Impressionism – a French painting movement that sprang up in the 1870s – is associated with the dawn of the modern age in art. Free-thinkers and at times deliberately provocative, the Impressionists liked trains, cars and steam-powered machines. They scoured Paris and the countryside in search of new motifs; armed with their easels and tubes of colour, they left their studios to paint the sky, water, light and vagaries of the weather out of doors. Their favourite subject was “Life”.
To the Impressionists, Normandy was a veritable open-air atelier. Claude Monet painted his greatest works on the banks of the Seine, at the foot of the cliffs at Étretat, and in front of Rouen cathedral. For more than thirty years he painted his garden and lily-covered pond at his home in Giverny. Eugène Boudin, William Turner, Édouard Manet, Camille Pissarro, Paul Gauguin, Edgar Degas, Auguste Renoir and many other Impressionists appreciated, like Monet, the attractions of the Normandy light. And the region is famous for the clearness of its skies and beauty of its countryside.
During the heyday of industrialisation, Normandy was one of the first to create a rail link with Paris. The modernity of the subjects the Impressionists liked to paint coincided with the modernity of the pictorial technique they used (rapid execution and bright colours). Their bold ideas were contemporary with the development of photography and the early days of colour photographs.
As a result of this artistic emulation, local Impressionist groups were formed in Normandy, notably the School of Rouen. Neo-Impressionist painters, such as Georges Seurat and Paul Signac, also travelled around the region in the footsteps of their elders.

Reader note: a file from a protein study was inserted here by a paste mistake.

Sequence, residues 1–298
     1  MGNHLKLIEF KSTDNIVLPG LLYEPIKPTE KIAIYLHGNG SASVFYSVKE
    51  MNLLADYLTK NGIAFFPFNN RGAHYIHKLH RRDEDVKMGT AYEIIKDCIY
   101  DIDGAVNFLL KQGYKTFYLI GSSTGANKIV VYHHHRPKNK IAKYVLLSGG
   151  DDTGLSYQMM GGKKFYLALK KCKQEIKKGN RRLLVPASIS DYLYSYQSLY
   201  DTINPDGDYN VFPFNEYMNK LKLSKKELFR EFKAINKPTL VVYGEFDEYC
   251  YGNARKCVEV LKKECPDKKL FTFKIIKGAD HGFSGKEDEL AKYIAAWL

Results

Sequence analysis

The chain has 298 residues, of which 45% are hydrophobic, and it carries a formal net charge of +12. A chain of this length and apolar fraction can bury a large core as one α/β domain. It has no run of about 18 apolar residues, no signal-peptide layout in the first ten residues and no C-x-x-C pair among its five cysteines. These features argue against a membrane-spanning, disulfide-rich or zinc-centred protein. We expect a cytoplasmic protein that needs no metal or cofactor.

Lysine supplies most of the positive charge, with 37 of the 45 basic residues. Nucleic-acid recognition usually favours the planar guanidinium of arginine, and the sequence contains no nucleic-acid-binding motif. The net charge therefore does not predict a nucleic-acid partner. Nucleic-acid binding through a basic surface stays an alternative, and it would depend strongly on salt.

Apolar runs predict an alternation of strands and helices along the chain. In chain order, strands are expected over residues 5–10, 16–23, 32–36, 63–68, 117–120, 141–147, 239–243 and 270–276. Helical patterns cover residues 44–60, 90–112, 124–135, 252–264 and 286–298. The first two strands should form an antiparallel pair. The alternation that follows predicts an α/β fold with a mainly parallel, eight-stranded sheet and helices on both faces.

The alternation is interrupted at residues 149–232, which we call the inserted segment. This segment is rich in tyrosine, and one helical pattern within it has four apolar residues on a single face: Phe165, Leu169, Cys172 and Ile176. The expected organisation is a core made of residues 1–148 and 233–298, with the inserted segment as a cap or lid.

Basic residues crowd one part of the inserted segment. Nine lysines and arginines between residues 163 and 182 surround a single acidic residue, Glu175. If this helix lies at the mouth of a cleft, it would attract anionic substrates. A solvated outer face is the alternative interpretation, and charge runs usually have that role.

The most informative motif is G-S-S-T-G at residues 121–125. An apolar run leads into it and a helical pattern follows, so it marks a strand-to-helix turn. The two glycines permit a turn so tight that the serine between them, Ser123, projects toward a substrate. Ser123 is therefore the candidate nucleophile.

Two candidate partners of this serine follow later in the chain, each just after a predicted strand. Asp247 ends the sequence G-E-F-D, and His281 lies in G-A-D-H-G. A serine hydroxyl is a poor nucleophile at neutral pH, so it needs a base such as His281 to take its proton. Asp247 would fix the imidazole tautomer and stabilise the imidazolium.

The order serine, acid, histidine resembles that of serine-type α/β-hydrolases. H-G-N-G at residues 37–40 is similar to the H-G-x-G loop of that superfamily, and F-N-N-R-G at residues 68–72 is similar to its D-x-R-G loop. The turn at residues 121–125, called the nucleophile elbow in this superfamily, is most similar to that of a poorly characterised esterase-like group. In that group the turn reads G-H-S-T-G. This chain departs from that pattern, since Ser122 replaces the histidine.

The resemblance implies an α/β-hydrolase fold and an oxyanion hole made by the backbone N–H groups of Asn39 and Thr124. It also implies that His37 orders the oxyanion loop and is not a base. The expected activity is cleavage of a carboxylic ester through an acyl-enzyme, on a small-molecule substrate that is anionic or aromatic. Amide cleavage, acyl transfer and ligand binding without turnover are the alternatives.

The Normandy Impressionist Festival reflects this regional cultural heritage and proudly displays its Impressionist history by staging large exhibitions of the movement's art. Masterpieces from around the world are brought together in the region. The festival also promotes contemporary interpretations of Impressionism by inviting French and foreign artists to produce new works on Impressionist themes.
The festival also presents important musical, theatrical, literary and festive events.
The distinctive characteristic of the Normandy Impressionist Festival is that it is just as much a popular celebration, inviting all sections of the public to participate in the festivities organised by towns, associations and private individuals across the region during the summer period.
One of the primary roles of the Normandy Impressionist Festival is to mobilise the younger public and produce a wide range of educational activities. The discovery of art and culture is encouraged throughout the year in the region's schools, and, during the festival itself, numerous events are dedicated to young Normans both in cultural centres and outdoors.
- 1 million visitors
- 250 art, cultural and popular events
- 7 founding organisations
- 13,450 schoolchildren involved
- 1,8 million visitors
- 700 art, cultural and popular events
- 8 fouding organisations
- 30,000 schoolchildren involved